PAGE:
Sherman: If the president chooses to communicate through Twitter, we can’t just say we aren’t going to cover that because of the medium he chooses. Our goal is to prepare our readers going into their day. So they know the latest news going into their 8 A.M. meeting and are smart.
Palmer: We try to synthesize what is important for our readers. We try to decipher what he’s communicating—to deliver that perspective.
Sherman: We also think it is one of our duties, when an administration official says something, that we give the context of what it will mean in the larger political situation. When they say we will do tax reform by August, there are certain political realities where we add value.
What’s been your biggest scoop? The story you are most proud of?
Sherman: We are doing things twice a day now. We don’t keep a running list, unfortunately, we probably should! And it’s a lot of momentary stuff. Like, “Here’s what is going to happen today.”
Palmer: One memorable thing we’ve done is to create the Playbook Interview, which has been a way to interview high-level people on the news when people want to send a signal to Washington, like Warren Buffet or Bill Gates. That’s an area where we’ve been able to drive the news cycle.
What’s coming in Year 2?
Sherman: The one big thing is we are writing a book, and we are excited about that. We are doing it because we think Congress is one of the best stories in Washington. The back story to that is always fascinating. We talked to people at C.A.A. [Creative Artists Agency] about that and they said, “Wow, we like that book too.” So we are doing it with Crown and it is coming out in March 2019.
Palmer: We are a backbone of a big franchise. We are in six states. We have launched a Brussels Playbook and we are launching a London Playbook. We are looking to internationalize the brand , and you’ll see more focus on that.
With all of that going on, when are you going to find time to write a book?
Sherman: We have 28 hours in our day. We have a special dispensation. No seriously, we are working on that now and we’ve been working together since 2010, and this is a book we’ve been writing in many ways since 2010. Our goal is the bring our readers into the rooms they can’t get into and tell them the inside story of how Washington works, or doesn’t work. It is a Capitol Hill book. It isn’t a Donald Trump book.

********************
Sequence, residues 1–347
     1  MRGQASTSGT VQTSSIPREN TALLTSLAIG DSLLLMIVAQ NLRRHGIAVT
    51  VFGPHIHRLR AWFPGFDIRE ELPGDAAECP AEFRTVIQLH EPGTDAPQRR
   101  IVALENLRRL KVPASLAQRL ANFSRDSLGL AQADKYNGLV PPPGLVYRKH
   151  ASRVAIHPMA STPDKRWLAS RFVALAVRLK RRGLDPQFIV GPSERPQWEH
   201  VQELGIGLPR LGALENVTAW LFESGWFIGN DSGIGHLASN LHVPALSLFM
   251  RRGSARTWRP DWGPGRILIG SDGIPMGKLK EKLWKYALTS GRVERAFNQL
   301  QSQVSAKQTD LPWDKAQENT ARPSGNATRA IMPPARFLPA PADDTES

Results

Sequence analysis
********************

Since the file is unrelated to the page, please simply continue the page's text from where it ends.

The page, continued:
Palmer: The book starts the day after Election Day in 2016 and runs until the day after the election in 2018. The first two years of any administration are critical. The second two years are often consumed by a political election. There is a lot happening behind the scenes. We think the Hill is more important than ever before. It’s gained more relevance than ever before.
It certainly seems relevant now in terms of the health-care bill. What’s your thought on how that will play out?
Palmer: We really try not to be in the prediction business, to predict what is going to happen in this environment. We like to cover every turn of the screw.
Sherman: What we said this morning is that it’s a really, really narrow line they have to walk getting this thing through. We try to cover the political realities, not just what the administration says. It’s always been a tough road to repeal and replace this thing on the time frame the Trump administration outlined.
I heard the working title is “A Hill to Die On.”
Sherman: The truth is, we haven’t figured it out yet. We wrote a proposal and we’ll figure it out as we go.
Palmer: It depends on where the story goes. We’ve discussed that title, but we have discussed others as well.
Who have you identified as your main characters?
Sherman: We can’t tell you. There are certain big figures on the Hill who will definitely be in the book. We are looking at who they are and what drives them and how they comport themselves. It’s politics as pop culture. But it is also a book about people and relationships, feuds and friendships, and building alliances and all the things that make politics the most fascinating story. It’s not the future of the Republican Party.